Browsing by Subject "response"

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  • Carter, Timothy R.; Benzie, Magnus; Campiglio, Emanuele; Carlsen, Henrik; Fronzek, Stefan; Hildén, Mikael; Reyer, Christopher P.O.; West, Chris (Elsevier, 2021)
    Global Environmental Change 69: 102307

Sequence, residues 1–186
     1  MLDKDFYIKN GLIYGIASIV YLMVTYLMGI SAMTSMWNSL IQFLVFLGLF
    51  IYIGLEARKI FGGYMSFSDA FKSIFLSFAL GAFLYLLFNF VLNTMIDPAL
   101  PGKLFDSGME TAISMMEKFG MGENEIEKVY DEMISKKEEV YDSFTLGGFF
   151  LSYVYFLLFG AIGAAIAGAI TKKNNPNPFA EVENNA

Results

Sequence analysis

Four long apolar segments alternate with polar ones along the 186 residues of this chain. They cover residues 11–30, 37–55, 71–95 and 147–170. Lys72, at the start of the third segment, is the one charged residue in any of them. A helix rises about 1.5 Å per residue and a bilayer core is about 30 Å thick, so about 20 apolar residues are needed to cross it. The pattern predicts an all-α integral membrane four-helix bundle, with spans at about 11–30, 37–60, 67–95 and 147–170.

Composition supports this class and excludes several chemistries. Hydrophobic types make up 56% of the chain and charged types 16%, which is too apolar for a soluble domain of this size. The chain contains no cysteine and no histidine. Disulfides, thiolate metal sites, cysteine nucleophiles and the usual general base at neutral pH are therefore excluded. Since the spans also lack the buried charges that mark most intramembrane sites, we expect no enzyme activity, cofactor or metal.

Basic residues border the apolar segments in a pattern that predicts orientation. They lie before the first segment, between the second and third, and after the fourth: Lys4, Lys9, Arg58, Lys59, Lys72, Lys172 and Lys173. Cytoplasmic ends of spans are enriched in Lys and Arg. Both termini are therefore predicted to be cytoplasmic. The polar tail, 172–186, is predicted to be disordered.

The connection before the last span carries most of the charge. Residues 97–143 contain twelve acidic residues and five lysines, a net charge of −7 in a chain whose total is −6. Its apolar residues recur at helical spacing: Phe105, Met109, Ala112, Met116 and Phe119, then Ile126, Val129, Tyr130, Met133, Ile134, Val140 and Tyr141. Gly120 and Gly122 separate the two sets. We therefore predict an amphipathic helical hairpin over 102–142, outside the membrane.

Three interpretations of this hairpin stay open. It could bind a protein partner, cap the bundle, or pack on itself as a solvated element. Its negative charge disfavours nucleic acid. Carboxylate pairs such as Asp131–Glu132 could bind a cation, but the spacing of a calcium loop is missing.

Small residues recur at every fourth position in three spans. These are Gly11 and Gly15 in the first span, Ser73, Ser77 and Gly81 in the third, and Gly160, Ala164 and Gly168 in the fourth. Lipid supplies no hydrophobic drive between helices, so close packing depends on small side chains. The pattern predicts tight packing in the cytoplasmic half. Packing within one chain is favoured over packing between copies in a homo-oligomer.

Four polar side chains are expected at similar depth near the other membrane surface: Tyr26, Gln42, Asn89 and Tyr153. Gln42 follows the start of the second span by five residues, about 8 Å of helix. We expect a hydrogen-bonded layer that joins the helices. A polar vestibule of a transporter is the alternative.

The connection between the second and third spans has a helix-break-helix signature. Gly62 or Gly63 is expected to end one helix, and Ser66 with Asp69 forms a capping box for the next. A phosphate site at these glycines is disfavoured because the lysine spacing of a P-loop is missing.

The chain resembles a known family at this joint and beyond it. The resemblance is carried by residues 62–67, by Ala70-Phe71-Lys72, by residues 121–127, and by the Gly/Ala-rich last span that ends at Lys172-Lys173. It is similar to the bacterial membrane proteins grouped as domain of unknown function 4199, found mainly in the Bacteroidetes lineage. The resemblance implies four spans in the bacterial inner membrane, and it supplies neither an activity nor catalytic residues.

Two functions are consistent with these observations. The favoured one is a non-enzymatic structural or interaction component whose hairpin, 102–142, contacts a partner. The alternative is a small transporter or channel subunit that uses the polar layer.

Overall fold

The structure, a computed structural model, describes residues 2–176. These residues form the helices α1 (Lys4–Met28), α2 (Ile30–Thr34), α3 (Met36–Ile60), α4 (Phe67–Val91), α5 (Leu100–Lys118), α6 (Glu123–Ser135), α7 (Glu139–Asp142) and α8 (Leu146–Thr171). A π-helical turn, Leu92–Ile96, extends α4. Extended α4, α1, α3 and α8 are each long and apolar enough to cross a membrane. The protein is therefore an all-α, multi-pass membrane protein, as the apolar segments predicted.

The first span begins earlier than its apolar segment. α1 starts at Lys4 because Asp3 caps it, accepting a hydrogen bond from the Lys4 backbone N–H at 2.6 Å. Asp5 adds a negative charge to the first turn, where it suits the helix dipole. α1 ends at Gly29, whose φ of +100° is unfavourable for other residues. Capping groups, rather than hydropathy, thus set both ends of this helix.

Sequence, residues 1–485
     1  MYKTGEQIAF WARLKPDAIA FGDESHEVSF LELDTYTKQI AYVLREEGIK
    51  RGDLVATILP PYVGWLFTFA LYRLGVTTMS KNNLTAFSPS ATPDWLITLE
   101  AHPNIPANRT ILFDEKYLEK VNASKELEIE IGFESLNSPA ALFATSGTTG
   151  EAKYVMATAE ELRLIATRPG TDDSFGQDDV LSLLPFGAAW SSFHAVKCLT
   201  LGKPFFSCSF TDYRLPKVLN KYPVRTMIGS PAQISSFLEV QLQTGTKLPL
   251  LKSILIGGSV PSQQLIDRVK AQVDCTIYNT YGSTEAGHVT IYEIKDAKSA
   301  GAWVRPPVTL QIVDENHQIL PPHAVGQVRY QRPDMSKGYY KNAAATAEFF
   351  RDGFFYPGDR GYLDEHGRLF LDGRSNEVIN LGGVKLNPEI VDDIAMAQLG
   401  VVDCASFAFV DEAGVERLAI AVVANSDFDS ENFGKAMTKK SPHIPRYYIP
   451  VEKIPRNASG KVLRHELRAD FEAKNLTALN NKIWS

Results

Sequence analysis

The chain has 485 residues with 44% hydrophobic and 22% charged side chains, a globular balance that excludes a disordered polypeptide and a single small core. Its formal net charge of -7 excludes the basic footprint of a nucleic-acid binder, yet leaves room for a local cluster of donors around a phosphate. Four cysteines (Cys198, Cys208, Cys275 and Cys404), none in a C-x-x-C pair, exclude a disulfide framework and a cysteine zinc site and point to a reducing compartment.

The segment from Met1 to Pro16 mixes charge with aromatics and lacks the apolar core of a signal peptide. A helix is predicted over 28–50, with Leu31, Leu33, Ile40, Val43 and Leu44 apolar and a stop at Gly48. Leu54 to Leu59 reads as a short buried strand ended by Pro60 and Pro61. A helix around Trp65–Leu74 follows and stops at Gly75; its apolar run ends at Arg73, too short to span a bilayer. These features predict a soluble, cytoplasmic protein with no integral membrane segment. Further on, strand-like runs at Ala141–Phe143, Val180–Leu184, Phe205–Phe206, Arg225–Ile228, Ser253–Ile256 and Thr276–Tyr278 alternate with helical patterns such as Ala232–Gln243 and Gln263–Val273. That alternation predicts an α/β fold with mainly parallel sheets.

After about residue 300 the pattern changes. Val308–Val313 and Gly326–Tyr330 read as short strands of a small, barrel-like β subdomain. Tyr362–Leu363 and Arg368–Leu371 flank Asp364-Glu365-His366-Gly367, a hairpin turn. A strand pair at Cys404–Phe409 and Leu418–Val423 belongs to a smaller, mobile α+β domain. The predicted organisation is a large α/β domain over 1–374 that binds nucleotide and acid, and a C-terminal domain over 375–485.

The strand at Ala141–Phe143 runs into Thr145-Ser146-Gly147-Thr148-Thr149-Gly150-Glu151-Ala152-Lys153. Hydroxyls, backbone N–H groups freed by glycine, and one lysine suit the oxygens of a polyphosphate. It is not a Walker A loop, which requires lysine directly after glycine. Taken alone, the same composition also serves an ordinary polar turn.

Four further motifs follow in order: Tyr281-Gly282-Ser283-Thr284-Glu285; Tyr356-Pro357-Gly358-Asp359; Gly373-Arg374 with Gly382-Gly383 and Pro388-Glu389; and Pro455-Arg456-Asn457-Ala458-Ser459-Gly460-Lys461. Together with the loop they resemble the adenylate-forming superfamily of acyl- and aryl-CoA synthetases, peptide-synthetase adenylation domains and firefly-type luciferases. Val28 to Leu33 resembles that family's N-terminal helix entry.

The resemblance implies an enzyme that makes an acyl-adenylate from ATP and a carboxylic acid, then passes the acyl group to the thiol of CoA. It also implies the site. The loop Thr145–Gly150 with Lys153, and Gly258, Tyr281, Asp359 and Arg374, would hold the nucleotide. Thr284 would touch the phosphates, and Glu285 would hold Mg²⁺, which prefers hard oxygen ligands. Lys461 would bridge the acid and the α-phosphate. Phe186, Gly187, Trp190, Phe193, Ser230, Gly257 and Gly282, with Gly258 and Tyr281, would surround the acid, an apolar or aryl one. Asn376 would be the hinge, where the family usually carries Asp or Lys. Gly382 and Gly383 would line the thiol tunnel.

Climate change impacts, adaptation and vulnerability studies tend to confine their attention to impacts and responses within the same geographical region. However, this approach ignores cross-border climate change impacts that occur remotely from the location of their initial impact and that may severely disrupt societies and livelihoods. We propose a conceptual framework and accompanying nomenclature for describing and analysing such cross-border impacts. The conceptual framework distinguishes an initial impact that is caused by a climate trigger within a specific region. Downstream consequences of that impact propagate through an impact transmission system while adaptation responses to deal with the impact propagate through a response transmission system. A key to understanding cross-border impacts and responses is a recognition of different types of climate triggers, categories of cross-border impacts, the scales and dynamics of impact transmission, the targets and dynamics of responses and the socio-economic and environmental context that also encompasses factors and processes unrelated to climate change. These insights can then provide a basis for identifying relevant causal relationships. We apply the framework to the floods that affected industrial production in Thailand in 2011, and to projected Arctic sea ice decline, and demonstrate that the framework can usefully capture the complex system dynamics of cross-border climate impacts. It also provides a useful mechanism to identify and understand adaptation strategies and their potential consequences in the wider context of resilience planning. The cross-border dimensions of climate impacts could become increasingly important as climate changes intensify. We conclude that our framework will allow for these to be properly accounted for, help to identify new areas of empirical and model-based research and thereby support climate risk management.